Patriotic Dissent Graphix


      by Patriotic Dissent Graphix on Thu Dec 06, 2007 at 12:34:00 PM PST

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      •  The problem is... (4+ / 0-)

        The religious denominations don't want to decide for themselves only, they want to decide for you as well.

        The post above btw is very similar to the situation in a number of European countries, where religious people get married twice, once "for the law" and once "for the church".

        •  Civil Unions would be fine by me but only if... (0+ / 0-)

          there were indeed such a paradigm shift (sorry, overused catch-phrase) within our society as described above, where a Civil Union was completely separate from religious marriage, i.e. you didn't get the benefits of a Civil Union by just getting married in the church but actually had to go through the separate process to have the Civil Union recognized by the gov't.
          Otherwise, the problem comes back to the whole "separate but equal" thing that our society has already proven doesn't work.

      •  Should civil unions be limited to two adults? (1+ / 0-)
        Recommended by:
        Alice Venturi

        How about three or more?  What should the tax implications be?  I don't have a favorite answer to those questions myself; I'm inviting brainstorming.

        The IRS rules on joint tax returns bite off a big chunk of this controversy.  The rules on being a 'head of household' and on claiming someone as a dependent, on the other hand, don't seem to generate any controversy.  

        We're all pretty crazy some way or other; some of us just hide it better. "Normal" is just a setting on the dryer.

        by david78209 on Thu Dec 06, 2007 at 05:03:46 PM PST

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        •  I did mention Polyamorous Unions (2+ / 0-)
          Recommended by:
          Alice Venturi, david78209

          and I think the tax laws used for corporate income pooling could be used pretty effictively for those types of unions if they were modified a little. Just pairings are already completely covered no matter the combination. I know the IRS codes could be modified to make all of this work. And if a consumption tax was installed instead of the current system or if a flat tax on income were used the issue would pretty much resolve itself.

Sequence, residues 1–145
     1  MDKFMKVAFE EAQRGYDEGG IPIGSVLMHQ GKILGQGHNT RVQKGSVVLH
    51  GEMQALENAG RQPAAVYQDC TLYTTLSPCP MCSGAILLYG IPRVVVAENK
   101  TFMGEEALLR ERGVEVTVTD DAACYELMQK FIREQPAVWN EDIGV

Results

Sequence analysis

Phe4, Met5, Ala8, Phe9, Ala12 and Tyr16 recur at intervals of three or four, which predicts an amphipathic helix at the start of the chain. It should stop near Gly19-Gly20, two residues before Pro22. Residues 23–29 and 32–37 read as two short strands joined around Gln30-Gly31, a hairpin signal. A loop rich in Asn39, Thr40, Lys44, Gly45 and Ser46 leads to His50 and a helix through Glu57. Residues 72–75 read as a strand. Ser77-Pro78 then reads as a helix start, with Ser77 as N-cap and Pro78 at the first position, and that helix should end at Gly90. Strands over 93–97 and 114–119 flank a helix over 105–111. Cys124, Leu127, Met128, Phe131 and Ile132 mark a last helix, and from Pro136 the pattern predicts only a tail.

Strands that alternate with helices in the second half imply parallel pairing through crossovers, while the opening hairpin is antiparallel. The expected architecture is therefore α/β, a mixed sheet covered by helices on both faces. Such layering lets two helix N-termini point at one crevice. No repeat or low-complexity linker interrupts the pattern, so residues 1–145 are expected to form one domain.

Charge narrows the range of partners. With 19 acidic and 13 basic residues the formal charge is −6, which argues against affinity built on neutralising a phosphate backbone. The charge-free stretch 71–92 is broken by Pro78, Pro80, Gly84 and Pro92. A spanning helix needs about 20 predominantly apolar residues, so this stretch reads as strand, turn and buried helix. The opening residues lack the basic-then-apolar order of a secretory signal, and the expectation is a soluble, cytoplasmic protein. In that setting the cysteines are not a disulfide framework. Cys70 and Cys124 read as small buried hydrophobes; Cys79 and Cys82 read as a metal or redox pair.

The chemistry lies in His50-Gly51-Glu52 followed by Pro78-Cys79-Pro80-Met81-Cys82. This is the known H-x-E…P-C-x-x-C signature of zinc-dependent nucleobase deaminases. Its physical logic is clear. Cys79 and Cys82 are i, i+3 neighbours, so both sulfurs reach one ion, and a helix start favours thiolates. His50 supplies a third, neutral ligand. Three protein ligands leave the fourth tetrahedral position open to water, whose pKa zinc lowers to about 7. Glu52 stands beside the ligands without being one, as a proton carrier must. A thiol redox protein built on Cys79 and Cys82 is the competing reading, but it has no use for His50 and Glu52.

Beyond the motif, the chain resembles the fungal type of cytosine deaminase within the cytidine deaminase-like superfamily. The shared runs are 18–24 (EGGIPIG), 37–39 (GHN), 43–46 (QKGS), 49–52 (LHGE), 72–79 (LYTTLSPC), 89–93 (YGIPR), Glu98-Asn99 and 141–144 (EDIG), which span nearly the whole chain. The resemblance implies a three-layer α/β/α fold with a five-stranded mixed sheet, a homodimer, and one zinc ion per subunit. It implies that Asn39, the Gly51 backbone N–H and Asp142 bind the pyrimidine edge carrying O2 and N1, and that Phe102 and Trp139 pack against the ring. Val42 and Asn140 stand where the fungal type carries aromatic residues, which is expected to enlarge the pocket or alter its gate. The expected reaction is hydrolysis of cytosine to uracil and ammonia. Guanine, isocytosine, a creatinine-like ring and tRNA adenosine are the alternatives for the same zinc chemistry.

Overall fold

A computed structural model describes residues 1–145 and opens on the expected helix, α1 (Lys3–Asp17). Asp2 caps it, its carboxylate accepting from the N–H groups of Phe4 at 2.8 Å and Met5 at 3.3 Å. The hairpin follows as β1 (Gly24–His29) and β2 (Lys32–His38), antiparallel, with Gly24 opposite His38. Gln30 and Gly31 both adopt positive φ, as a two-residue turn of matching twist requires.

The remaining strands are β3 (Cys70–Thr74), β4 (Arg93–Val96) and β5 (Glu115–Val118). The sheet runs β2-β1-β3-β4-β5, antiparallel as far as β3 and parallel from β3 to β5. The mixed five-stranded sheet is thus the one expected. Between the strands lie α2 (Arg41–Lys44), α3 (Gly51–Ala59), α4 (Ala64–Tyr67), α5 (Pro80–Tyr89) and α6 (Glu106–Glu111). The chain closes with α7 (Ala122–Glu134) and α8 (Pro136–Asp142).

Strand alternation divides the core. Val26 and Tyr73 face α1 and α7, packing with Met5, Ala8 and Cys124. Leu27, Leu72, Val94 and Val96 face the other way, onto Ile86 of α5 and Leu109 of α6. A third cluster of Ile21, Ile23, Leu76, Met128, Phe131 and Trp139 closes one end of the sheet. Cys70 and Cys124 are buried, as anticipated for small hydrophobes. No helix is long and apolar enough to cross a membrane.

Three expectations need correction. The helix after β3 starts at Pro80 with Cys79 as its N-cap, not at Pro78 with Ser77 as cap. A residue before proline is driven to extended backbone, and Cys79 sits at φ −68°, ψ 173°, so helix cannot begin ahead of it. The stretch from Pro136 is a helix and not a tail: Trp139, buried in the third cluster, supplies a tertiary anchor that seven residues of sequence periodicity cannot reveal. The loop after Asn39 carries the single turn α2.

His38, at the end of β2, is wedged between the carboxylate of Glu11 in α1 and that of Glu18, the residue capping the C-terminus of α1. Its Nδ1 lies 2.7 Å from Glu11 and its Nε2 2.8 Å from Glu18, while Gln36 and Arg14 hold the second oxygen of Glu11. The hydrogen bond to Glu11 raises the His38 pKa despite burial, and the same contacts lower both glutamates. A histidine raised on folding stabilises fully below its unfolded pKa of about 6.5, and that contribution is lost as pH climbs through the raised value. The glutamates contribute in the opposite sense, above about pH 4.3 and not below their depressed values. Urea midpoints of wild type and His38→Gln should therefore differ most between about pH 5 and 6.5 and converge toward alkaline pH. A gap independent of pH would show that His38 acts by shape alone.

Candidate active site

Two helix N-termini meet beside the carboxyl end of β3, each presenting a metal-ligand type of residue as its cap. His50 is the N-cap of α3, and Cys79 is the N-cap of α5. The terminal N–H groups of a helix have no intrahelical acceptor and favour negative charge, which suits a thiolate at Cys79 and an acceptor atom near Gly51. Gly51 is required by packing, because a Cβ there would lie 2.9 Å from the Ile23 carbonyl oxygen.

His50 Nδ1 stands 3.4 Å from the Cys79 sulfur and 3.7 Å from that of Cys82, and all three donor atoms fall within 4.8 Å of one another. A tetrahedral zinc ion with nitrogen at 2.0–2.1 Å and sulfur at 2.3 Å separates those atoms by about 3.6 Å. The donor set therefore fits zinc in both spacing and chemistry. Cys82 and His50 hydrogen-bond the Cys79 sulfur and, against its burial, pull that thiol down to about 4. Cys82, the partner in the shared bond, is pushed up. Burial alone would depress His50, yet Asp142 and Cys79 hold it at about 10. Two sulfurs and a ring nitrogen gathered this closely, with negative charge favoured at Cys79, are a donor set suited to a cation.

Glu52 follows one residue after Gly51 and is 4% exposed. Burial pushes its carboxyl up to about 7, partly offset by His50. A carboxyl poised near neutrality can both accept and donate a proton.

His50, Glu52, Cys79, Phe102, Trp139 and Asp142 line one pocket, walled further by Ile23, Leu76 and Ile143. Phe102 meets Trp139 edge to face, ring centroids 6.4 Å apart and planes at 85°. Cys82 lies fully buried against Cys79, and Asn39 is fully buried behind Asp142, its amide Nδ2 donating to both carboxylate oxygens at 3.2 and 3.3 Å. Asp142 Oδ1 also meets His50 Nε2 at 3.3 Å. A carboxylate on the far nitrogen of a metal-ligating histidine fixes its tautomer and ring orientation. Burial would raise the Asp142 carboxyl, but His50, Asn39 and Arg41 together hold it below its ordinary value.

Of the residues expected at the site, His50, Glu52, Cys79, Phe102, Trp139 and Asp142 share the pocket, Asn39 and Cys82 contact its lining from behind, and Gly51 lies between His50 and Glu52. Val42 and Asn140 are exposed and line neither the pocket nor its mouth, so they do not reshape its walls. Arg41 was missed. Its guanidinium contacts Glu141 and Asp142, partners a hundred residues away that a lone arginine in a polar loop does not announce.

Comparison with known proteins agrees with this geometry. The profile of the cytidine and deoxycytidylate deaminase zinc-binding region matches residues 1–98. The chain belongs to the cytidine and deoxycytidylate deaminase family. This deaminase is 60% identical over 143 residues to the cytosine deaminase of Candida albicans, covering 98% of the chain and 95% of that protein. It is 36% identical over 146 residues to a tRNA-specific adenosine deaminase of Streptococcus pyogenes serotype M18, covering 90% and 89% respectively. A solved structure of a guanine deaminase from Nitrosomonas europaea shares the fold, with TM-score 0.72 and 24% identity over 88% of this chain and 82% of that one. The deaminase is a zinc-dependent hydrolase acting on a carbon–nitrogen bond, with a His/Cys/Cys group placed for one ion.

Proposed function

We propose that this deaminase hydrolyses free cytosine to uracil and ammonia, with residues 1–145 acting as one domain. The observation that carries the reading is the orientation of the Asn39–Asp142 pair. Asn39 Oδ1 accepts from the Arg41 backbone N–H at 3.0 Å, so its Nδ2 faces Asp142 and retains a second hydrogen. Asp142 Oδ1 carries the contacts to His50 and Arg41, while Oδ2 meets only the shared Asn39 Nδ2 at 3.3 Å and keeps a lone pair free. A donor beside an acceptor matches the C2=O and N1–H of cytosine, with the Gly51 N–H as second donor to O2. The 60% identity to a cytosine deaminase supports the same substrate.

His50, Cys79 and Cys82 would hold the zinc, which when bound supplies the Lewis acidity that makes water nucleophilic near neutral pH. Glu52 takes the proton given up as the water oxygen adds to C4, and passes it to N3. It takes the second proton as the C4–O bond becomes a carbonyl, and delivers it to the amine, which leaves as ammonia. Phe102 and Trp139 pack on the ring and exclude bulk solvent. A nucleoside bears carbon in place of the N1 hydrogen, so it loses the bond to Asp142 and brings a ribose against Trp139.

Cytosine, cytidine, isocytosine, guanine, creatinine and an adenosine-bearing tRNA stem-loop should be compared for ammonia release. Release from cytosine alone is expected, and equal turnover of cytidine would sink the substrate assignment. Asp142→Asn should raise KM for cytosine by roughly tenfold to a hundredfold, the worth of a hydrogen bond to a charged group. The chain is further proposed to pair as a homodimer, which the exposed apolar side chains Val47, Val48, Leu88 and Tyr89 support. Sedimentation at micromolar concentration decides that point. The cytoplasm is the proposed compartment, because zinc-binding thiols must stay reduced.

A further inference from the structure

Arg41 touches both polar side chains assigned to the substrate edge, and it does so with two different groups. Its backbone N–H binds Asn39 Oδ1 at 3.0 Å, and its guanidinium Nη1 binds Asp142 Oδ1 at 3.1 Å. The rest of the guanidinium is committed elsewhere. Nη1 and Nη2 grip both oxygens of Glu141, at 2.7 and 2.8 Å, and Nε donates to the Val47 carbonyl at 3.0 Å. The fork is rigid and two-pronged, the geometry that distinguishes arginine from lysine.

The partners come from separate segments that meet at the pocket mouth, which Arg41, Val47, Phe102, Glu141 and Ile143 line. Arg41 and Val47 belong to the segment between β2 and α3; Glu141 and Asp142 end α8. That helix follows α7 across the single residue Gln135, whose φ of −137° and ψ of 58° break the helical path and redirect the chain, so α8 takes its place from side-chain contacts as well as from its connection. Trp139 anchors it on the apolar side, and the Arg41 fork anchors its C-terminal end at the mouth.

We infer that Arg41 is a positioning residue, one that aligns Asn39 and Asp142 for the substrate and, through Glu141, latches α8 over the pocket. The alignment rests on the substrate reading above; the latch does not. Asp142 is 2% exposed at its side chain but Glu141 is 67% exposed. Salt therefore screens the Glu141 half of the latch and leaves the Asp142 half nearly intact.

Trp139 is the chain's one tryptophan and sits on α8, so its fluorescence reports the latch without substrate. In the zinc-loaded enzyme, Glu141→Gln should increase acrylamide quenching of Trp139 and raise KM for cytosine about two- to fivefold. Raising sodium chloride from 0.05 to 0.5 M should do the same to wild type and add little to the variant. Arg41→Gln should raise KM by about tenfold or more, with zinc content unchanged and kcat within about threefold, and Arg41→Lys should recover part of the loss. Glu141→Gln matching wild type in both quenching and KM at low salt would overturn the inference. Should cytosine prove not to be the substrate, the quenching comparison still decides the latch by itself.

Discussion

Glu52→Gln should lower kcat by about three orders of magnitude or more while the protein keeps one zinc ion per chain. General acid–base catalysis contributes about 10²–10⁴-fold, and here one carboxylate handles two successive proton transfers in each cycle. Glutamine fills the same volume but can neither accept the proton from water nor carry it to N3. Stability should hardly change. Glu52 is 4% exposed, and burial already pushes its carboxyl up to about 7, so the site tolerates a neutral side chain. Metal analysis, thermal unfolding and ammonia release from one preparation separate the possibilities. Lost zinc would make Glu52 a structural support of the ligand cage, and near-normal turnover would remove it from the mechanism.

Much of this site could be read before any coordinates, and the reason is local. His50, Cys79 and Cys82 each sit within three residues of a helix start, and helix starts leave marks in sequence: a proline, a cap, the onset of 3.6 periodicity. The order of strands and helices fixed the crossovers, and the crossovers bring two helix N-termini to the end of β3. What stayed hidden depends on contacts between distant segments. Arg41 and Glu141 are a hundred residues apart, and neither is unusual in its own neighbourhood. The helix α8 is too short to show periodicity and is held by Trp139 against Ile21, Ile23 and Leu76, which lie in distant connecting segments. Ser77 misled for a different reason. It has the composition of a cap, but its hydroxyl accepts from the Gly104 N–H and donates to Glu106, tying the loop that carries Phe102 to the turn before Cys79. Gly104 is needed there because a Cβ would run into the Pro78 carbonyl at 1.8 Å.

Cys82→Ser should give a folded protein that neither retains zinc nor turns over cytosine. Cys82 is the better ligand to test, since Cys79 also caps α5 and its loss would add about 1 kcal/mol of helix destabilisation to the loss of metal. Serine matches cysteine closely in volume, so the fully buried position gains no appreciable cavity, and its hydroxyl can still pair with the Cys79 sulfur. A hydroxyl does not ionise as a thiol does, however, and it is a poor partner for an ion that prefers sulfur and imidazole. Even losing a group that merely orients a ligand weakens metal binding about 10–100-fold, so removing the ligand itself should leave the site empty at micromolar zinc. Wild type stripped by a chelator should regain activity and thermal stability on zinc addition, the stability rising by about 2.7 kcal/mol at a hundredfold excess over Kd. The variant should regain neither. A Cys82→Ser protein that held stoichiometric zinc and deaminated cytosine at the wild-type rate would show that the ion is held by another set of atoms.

When I was working for a major telecom company friends were trying to get the labor union to fight for same sex insurance benefits. Their excuse at the time was the issue of changing partners with no legal obligations making it impossible to keep up with who should be covered and insurance fraud (ie the movie Chuck and Larry). This obviously fell into the stereotype of promiscuous unfeeling indiscriminate changing of partners. But the bedrock issue was that with no legally binding way to define a partner then the insurance company was unable to defend themselves and still give proper service to those needing it. This was in 1999 and many companies have now found a way to deal with this issue positively, but change is slow. Maybe pushing for a "paradigm shift" to all unions legally recognized being civil unions would be a better direction for change than in trying to convice people they need to open their sacrament against their will to people they disaprove of. It may meet less resistance and at the same time would help rebuild the wall of Seperation of Church and State.